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Bel Powley

Ahead of A Small Light's Disney+ debut, 1883 Magazine sits down with Bel Powley to talk about catharsis, coming of age, and the weight of the holocaust for Jews. 

Actress Bel Powley found playing the lead in Disney+’s A Small Light a lesson in connection.

In A Small Light, Bel Powley plays an outsider. She stars as Miep, Austrian born but adopted by a Dutch family at 10, who is confronted with a simple question: will you help? It is a question posed by her boss, Otto Frank — yes, that Frank. He needs to hide because he is Jewish and he knows what’s coming. Internment camps for him, his wife, and his two daughters Margot and Anne. Through A Small Light, this lesser-known Holocaust story is wonderfully illuminated and that’s in large part thanks to Powley. With expressive eyes and relentless emotional stamina, Powley imbues Miep with genuine relatability. 

Ahead of A Small Light’s Disney+ debut, 1883 Magazine sits down with Powley to talk about catharsis, coming of age, and the weight of the holocaust for Jews. 


Watching A Small Light and being Jewish, I kept thinking about how cathartic it must have been to really yell at some Nazis. 

It was cathartic, and kind of fun. Especially the moment when she bumps into the NSB guy outside the bar and pushes him and screams at him. My grandmother was in Dublin during the Second World War, so I don’t have anyone in my direct family who was killed in the Holocaust or was a Holocaust survivor. But obviously, just being Jewish you grow up with the weight of this part of history running through your veins, don’t you? 



When I got the offer for this job, which was actually on Holocaust Memorial Day, I knew that it was something that I was going to want to be a part of just because of my heritage.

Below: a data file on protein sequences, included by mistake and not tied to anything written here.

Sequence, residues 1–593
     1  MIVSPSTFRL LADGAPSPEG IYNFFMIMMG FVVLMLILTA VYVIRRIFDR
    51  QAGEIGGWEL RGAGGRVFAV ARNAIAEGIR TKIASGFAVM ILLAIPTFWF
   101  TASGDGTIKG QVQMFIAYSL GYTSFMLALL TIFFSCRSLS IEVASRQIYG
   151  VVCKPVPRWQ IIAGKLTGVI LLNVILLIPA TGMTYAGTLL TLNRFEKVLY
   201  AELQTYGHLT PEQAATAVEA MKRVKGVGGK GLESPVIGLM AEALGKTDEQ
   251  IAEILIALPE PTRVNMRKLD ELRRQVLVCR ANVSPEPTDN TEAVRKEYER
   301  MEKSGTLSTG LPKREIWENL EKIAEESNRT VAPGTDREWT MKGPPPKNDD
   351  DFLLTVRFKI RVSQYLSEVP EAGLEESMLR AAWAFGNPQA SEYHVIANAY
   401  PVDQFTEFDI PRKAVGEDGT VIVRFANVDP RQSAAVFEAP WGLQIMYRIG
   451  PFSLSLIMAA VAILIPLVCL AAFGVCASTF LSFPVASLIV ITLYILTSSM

Miep is also sort of an outsider which gives her an added level of empathy with Otto Frank. With a theme like that, do you search out those feelings and play them, or let the writing carry it? 

You let the writing carry it. I think that her upbringing, being Viennese, starving as a child, being sent on a train with a number around her neck to be adopted by a family in a country where she couldn’t speak the language… obviously that gave her this incredibly thick skin and sense of independence. And I also think that gave her such a strong connection with Otto. The fact that they were they were both immigrants, and that they spoke the same native language. She still spoke German, she didn’t lose that, and that was the important part for me. 


How much of the character that you created is research and how much of it is that ephemeral, imaginative thing that you as an actor do?

It’s a bit of both, and it’s the same process whether you’re playing a fictional character or a real person. First, you do the kind of base level research. If it’s a real person, this sounds so stupid, but I want to know that like, my birthday is on February 15! Otherwise, you just feel like a fraud. Obviously, With Miep there’s a real person so I could return to her autobiography Anne Frank Remembered. I made sure I went to Amsterdam, and I saw where she lived. I cycled her route to work and immersed myself in that city.